So what's wrong with this approach? It turns out that most of the variables in the models have little explanatory power. For the top red line, I just multiplied the US population by the basic income. The curve is slightly above it, because it includes such things as administrative costs. The basic job situation was slightly more complicated, as it includes a disabled population that gets the basic income without working, and a estimate for the added value that the jobs would provide. So the bottom red line is (disabled population)x(basic income) + (unemployed population)x(basic income) - (unemployed population)x(median added value of jobs). The distribution is wider than for basic income, as the added value of the jobs is a stochastic variable.

But, anyway, the contribution of the other variables were very minor. So the reduced cost of basic jobs versus basic income is essentially a consequence of the trivial fact that it's more expensive to pay everyone an income, than to only pay some people and then put them to work at something of non-zero value.

 

Trees and forests

So were the complicated extra variables and Monte Carlo runs for nothing? Not completely - they showed that the extra variables were indeed of little importance, and unlikely to change the results much. But nevertheless, the whole approach has one big, glaring flaw: it does not account for the extra value for individuals of having a basic income versus a basic job.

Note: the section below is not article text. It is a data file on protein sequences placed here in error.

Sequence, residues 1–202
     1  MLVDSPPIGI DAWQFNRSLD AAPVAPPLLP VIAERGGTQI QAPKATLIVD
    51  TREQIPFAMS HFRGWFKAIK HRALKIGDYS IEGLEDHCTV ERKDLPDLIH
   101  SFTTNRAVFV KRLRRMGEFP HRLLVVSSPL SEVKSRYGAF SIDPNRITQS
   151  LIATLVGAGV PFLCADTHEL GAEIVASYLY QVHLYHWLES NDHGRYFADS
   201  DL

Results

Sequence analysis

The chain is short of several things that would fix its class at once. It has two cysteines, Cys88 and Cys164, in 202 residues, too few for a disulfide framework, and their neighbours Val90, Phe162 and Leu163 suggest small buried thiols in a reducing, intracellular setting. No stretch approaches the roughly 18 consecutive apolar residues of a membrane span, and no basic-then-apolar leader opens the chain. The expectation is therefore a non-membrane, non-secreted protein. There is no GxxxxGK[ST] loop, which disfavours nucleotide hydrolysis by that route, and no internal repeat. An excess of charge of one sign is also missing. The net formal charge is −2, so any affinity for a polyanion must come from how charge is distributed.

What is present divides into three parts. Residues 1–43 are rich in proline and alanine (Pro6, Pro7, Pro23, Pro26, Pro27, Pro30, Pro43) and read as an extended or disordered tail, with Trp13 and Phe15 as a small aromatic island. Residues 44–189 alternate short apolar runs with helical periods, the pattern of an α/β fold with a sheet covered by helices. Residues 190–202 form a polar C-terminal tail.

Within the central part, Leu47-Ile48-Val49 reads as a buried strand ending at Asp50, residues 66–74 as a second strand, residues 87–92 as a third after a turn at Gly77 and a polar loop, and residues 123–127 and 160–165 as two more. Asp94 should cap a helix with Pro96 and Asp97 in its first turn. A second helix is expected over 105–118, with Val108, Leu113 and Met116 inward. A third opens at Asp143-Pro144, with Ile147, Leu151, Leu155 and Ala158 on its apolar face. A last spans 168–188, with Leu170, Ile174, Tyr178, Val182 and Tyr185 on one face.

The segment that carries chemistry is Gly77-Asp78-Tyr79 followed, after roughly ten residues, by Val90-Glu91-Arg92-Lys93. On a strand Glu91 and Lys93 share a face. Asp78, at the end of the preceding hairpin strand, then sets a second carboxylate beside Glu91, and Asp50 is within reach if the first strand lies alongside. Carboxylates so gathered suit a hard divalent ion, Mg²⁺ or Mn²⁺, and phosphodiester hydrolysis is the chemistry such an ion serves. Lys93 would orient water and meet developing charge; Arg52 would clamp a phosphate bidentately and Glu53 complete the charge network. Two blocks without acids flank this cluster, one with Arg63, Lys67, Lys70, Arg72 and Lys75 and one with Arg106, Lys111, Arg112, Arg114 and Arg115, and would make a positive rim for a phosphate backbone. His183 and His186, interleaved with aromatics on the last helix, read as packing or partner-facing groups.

And the challenge - "write some fucking code" - obscures this. The forest of extra variables and the thousands of runs hides the fact that there is a fundamental assumption missing. And pointing this out is enough to change the result, without even needing to write code. Note this doesn't mean the result is wrong: some might even argue that people are better off with a job than with the income (builds pride in one's work, etc...). But that needs to be addressed.

So Chris Stucchio's careful work does show one result - most reasonable assumptions do not change the fact that basic income is more expensive than basic job. And to disagree with that, you do indeed need to write some fucking code. But the stronger result - that basic job is better than basic income - is not established by this post. A model can be well designed, thorough, filled with good uncertainties, and still miss the mark. You don't always have to enter into the weeds of the model's assumptions in order to criticise it.

[Link] Putanumonit: If rationality is a religion, it's a crappy one.

5 Jacobian 15 April 2017 04:44PM